Ukrainian government troops and Russian-backed separatist forces in the Luhansk region have agreed on a new ceasefire, international monitors said yesterday.
The Organisation for Security and Co-operation in Europe (OSCE) said that under the agreement, hostilities were to cease yesterday along the line of contact between the warring sides.
It was agreed at negotiations that took place on Saturday that heavy weapons will start being withdrawn from the front at the weekend, the OSCE said.
Igor Plotnitsky, the head of the rebel movement in Luhansk, confirmed the ceasefire deal in remarks to Russia’s Interfax news agency, but said no definitive agreement had been reached on the breadth of the demilitarised zone.
He told Interfax the distance could range between ten and 13 miles.
Ceasefire deals have been reached before in eastern Ukraine, only to be swiftly violated. A broad truce was agreed in early September after all-party talks in Belarus, but hundreds have been killed since then amid daily violations.
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On Monday, a deal was reached to end fighting over the airport in the capital of the Donetsk region – but rocket barrages continued for hours.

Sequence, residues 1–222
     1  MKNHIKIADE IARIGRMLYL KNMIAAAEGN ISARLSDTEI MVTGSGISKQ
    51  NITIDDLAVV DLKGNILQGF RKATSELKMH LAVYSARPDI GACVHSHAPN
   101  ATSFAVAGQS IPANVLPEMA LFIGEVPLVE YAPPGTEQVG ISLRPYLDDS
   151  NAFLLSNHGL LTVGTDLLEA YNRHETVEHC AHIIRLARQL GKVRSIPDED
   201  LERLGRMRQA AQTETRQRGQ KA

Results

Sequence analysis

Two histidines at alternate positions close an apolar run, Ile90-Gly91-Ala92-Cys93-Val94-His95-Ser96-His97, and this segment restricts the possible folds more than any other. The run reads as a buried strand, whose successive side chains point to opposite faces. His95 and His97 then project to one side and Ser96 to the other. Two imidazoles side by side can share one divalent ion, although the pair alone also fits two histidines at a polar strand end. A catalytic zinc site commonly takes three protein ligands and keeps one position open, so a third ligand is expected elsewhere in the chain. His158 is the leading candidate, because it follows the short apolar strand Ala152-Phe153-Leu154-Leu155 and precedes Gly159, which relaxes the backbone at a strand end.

There are concerns that any efforts to impose a ceasefire in the Luhansk region could be derailed by infighting among separatist forces.
Although rebel areas are nominally under the control of the self-styled Luhansk People’s Republic, much of the territory is in fact presided over by Russian Cossacks, who have frequently demonstratively rejected Mr Plotnitsky’s authority.
There have been unconfirmed reports in recent days of fatal clashes between fighters of the Luhansk People’s Republic and Cossack units.
The OSCE said the Luhansk People’s Republic insists it is in control of all Cossack units.
US secretary of state John Kerry and European allies will meet this week to discuss imposing further sanctions on Russia if pro-Moscow separatists do not halt violence.
The EU and the US have both imposed sanctions on Russia’s financial, defence and energy sectors over Moscow’s annexation of Crimea and its support for the separatists in eastern Ukraine.
“There are continuing conversations with the EU about continuing to expand sanctions,” said a senior US state department official accompanying Mr Kerry to a meeting of Nato foreign ministers in Brussels yesterday.
“We will be having those conversations about where we go next, particularly in response to the continued supply of heavy weapons coming across the border [from Russia],” the official added.
But EU diplomats say there is little appetite within the 28-member bloc for more sanctions unless there is a further sharp deterioration of the situation in Ukraine. Russia is Europe’s leading energy supplier and many EU countries fear the sanctions and Russian reprisals could hurt their economies.
“Our role is also to explore ways for dialogue [with Russia],” the EU’s foreign policy chief Federica Mogherini said when asked about possible new sanctions.
European Commission head Jean-Claude Juncker has said he does not see the point of constantly threatening more measures.
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